"For Daddy Yankee to come in, Tego Calderon, Don Omar, and Ivy Queen — all those figures totally changed the perception of what Latin music can be and the potential that it has . . . those artists made reggaeton not only profitable but respectable."

"It was not immediately, the change it took to the Latin music industry . . . It's social-political music, it's from the streets, and it's created by disenfranchised people. Black and brown people mainly, especially then. And they didn't see its value," Triviño shares. "For Daddy Yankee to come in, Tego Calderon, Don Omar, and Ivy Queen — all those figures totally changed the perception of what Latin music can be and the potential that it has . . . those artists made reggaeton not only profitable but respectable."

After years at Latina magazine, Triviño was ready to spread his wings and try something new and landed his role at TIDAL. His current job includes a little bit of everything. "It's a mix of curation with playlists; when we have concerts, I book the Latin artists," he says. "It's a lot of A&R, which is constant communication with managers, artists, publicists, and labels. I'm also an editor and journalist. When I get to write, I do. So it's a lot of things in one." In his role with TIDAL, Triviño found himself able to blend his passion for storytelling of Latinx communities with his dedicated love for music. This Latinx Heritage Month, TIDAL is spotlighting female Latinx music artists who have impacted the genre with an emphasis on rising stars. But today, he also finds himself reflecting on the legacy and impact Yankee has had not just on reggaeton but on the musical landscape overall.

"Even if you don't know anything about reggaeton, you know Daddy Yankee. His impact you can measure."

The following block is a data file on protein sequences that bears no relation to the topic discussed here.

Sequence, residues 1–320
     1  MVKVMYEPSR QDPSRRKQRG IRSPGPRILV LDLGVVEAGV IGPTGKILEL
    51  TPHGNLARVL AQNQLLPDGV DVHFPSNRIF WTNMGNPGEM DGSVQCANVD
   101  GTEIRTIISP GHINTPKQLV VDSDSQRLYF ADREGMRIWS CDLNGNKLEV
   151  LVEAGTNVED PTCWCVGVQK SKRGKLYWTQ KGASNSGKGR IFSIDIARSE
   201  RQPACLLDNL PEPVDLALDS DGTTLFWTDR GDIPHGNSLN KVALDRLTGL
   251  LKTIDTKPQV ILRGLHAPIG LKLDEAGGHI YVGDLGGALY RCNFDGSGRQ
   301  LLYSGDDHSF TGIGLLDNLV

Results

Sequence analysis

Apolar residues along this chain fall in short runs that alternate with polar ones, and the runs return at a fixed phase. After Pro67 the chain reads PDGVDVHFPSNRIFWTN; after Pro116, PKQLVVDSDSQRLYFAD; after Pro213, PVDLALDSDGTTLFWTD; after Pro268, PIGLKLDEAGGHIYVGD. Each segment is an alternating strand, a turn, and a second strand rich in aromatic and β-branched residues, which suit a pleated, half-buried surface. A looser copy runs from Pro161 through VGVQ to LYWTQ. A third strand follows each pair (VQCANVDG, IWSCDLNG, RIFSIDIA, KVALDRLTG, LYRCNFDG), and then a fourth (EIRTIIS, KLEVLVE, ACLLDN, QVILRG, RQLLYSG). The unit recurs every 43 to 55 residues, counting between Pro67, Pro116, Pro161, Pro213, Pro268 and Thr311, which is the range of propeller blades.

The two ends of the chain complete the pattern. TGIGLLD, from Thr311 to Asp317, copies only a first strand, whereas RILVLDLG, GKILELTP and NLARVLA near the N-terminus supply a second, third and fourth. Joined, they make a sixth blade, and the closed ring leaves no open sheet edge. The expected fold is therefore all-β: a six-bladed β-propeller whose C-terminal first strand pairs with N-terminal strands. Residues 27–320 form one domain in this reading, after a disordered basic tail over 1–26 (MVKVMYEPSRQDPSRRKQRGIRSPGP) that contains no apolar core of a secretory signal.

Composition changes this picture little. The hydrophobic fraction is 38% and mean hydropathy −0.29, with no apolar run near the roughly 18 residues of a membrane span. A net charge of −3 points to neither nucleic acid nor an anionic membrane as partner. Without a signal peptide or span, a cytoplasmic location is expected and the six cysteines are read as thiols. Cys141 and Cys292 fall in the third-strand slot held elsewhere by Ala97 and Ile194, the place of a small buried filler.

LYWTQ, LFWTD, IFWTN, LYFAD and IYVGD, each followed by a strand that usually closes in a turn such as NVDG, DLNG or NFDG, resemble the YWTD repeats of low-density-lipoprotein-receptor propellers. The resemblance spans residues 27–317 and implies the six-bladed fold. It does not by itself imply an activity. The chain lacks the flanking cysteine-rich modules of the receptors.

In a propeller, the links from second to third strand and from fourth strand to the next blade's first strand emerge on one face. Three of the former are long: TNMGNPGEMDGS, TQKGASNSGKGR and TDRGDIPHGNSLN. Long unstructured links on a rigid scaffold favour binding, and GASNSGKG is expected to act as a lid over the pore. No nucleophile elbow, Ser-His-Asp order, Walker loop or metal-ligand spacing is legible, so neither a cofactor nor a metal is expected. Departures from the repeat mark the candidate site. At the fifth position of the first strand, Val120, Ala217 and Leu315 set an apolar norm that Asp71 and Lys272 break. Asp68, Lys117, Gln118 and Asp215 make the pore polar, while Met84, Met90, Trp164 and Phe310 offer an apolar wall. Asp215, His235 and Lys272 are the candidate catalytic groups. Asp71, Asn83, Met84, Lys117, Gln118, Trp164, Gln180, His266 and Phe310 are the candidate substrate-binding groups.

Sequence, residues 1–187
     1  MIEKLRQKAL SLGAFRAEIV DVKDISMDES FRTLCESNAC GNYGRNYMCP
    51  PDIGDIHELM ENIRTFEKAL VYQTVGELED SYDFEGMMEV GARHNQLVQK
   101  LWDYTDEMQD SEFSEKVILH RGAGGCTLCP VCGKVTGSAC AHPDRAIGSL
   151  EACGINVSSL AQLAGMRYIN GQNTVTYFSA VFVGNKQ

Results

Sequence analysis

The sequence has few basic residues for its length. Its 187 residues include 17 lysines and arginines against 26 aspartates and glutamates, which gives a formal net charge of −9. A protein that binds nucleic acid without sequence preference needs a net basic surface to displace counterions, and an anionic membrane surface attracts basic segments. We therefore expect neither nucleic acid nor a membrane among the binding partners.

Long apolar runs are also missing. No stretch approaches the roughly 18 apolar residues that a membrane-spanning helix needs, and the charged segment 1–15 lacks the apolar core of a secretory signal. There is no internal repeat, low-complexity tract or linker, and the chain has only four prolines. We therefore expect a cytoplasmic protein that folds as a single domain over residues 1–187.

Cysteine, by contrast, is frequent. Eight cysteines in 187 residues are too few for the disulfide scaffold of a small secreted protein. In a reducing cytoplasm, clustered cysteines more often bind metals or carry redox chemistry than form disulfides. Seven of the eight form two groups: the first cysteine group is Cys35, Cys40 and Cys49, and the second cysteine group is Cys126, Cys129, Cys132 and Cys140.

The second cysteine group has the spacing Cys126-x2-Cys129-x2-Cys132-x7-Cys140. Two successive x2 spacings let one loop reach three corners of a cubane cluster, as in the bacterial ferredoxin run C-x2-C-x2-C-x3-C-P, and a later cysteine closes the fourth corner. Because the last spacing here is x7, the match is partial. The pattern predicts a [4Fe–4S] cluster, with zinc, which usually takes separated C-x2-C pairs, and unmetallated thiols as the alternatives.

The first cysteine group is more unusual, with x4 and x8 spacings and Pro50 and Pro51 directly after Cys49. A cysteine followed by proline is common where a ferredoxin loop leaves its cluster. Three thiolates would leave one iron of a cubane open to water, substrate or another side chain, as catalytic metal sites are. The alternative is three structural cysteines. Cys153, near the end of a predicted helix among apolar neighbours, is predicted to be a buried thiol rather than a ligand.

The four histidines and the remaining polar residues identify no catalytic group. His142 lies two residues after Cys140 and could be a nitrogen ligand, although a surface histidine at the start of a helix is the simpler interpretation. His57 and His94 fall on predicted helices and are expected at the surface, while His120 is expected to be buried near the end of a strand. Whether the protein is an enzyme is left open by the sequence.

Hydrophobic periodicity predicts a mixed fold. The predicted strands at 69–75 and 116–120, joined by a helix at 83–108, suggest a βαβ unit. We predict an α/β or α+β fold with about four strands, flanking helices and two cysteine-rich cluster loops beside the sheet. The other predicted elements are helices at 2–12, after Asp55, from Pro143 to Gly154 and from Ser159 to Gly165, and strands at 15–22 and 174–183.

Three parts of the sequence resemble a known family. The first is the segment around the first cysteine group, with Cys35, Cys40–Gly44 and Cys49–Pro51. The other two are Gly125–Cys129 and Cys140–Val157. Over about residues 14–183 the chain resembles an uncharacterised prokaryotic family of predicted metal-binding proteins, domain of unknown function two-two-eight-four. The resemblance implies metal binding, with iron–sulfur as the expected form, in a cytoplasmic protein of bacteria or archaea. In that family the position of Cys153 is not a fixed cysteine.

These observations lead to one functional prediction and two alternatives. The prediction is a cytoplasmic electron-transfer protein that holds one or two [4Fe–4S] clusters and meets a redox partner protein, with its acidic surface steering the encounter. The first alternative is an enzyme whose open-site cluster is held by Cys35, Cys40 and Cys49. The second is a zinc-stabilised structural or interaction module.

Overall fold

"Even if you don't know anything about reggaeton, you know Daddy Yankee. His impact you can measure," Triviño says. "It doesn't matter that I've talked to him many times over the almost 20 years; he will go down in the pantheon of like the Celia Cruz and Hector Lavoes [of the world]. And just global music, because before K-pop, before anything else, Latin was the first global music, and he was one of the people that helped it get to that point."

Over the years, Triviño has observed what reggaeton has ultimately done for the culture. And he believes it's a lot more than it's given credit for. "It's caused a lot of unity in a good way amongst us that I never really felt like we had before," he says. Things have really come full circle for Triviño since his first days interviewing Yankee. In many ways, both of their careers started coming up around the same time. And while Triviño is not looking at retirement any time soon, the announcement of Yankee's retirement and final tour couldn't come at a more aligned time.

"Jesús is a trailblazer. He was one of the first journalists in general market to cover reggaeton and even before the "Gasolina" boom," says Mayna Nevarez, CEO of Nevarez Communications. "At the time, Hispanic media didn't cover reggaeton, since they thought it was 'ghetto.' Jesús understood the culture and opened the doors for many artists like Daddy Yankee while working for Vibe magazine and later for Latina. He was key in communicating how reggaeton was part of a culture. He definitely was a culture changer and a true believer."

You can almost argue that where Triviño is at in his career today is karma. After years of opening the doors for many artists like Daddy Yankee to be the stars they are today, Triviño is finally getting the flowers he deserves for his rich contributions not just to music media but to the culture.